I would love to hear your feedback.  Please write your questions in the comments below.  I would especially encourage you to read Wesley Hill’s book Washed and Waiting.  I was deeply convicted reading this book, and I recommend it for any disciple of Jesus. Hill’s conclusion matches that of my own and that of my denomination, that sexual expression is to be contained to marriage, and that marriage is only between a man and a woman.  Hill is a Christian and a homosexual.  He’s also a top-notch scholar.  Though he is not attracted to women, Hill has decided that he will still take God at his word, and God’s call for him is to be celibate for the rest of his life.  That kind of sacrificial commitment is an example to me.

Others look at the biblical material and interpret it differently.  They find a basis for seeing scriptural prohibition of homosexual acts as time or culture bound, or perhaps not applicable to monogamous homosexual relationships or marriages. I have to believe that purveyors of these views are not acting maliciously. I believe a guy like Justin Lee, that when he says he loves the Lord, he means it.  But I humbly disagree with his hermeneutics.  I believe there is probably a lot of theology and biblical interpretation Lee and I would agree on.  I hope that in future conversations and ministry partnerships with those who agree with Lee, I will be able to emphasize those agreements.  I find this article to very helpful in this regard.  Unity is vital. Unity doesn’t mean uniformity.  We can lovingly disagree about things, a lot of things.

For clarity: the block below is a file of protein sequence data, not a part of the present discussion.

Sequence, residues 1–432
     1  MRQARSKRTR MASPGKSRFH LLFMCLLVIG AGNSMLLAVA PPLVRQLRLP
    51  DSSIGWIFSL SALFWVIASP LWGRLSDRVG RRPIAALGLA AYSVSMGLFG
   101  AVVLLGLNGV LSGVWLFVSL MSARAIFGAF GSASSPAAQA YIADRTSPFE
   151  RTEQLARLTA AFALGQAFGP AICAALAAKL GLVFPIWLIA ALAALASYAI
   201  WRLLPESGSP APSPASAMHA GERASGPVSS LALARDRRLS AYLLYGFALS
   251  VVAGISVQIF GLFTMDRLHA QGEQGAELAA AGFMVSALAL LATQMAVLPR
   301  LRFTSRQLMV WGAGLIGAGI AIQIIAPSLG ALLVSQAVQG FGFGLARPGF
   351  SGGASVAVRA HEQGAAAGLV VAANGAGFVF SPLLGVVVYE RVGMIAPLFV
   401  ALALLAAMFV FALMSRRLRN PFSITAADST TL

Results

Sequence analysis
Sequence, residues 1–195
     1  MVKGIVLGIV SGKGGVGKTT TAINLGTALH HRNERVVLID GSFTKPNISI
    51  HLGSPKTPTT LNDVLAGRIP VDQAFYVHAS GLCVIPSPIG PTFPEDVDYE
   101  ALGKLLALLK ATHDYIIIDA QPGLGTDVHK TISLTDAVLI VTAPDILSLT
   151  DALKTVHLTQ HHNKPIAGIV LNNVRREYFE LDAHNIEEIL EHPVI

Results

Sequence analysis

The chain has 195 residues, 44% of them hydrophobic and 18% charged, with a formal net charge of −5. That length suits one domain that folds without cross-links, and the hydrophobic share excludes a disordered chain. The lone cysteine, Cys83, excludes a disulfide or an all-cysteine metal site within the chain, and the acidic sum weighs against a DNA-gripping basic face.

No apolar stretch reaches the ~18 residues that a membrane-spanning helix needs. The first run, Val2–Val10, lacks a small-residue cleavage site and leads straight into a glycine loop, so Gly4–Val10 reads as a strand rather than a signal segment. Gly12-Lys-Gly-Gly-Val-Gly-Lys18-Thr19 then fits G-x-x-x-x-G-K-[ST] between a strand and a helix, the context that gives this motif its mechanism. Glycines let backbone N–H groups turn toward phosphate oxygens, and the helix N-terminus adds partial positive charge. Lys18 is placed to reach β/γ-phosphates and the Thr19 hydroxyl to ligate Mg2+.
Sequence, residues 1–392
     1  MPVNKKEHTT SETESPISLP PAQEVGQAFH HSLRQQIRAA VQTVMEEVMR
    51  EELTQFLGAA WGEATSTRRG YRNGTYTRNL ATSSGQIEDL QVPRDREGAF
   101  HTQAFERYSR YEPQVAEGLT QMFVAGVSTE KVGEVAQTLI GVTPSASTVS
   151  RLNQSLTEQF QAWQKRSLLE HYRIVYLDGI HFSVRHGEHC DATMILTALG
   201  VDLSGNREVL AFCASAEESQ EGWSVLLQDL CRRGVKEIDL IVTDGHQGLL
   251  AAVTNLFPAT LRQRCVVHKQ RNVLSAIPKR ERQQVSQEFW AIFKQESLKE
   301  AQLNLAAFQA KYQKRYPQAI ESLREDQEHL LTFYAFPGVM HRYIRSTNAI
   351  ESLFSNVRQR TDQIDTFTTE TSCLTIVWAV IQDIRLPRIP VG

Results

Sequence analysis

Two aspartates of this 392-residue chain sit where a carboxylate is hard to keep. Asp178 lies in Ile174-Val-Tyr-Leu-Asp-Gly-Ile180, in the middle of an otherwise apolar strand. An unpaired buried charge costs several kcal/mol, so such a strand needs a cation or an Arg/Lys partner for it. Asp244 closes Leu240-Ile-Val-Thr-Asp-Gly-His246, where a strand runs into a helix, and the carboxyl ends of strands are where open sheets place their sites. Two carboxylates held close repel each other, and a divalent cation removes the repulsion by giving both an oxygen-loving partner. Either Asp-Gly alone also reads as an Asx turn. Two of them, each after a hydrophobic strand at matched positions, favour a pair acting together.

But I will say that Lee’s hermeneutical method concerns me. He may be right. I may be wrong. I respect Lee’s heart and mind, and he does evidence a sharp mind.  Read the book and I think you’ll see that.  But I’m concerned that he has allowed himself too much leeway to veer away from an appropriate interpretation of Scripture.  Again, I don’t think he does so maliciously.  Instead I believe he is wrestling with his deepest impulses, how a loving God could give him impulses that seem so right, and yet declare them as wrong.  Imagine with me that the tables were turned.  What if Scripture declared that heterosexual expression of sexuality was a sin, that sexual expression was reserved for marriage between people of the same gender?  You know all those attractions that the majority of you feel toward the opposite sex?  What if you were told you were never allowed to act on those impulses, even in committed monogamous heterosexual relationship?  Yet you felt these attractions and impulses always raging within you.  But you are told that expressing those impulses, acting on that attraction, is against God’s Kingdom.  That would be exceedingly painful to deal with.  I bring up this argument to help people understand the emotional depth of anguish, even if just a bit better intellectual understanding.  I admit I’ll likely never come close to an emotional understanding of what those with same-sex attraction are dealing with.  In the end I believe it is possible to hold to the traditional biblical standard of reserving sexual expression in marriage, and marriage as only between men and women, and to hold that standard with gracious love.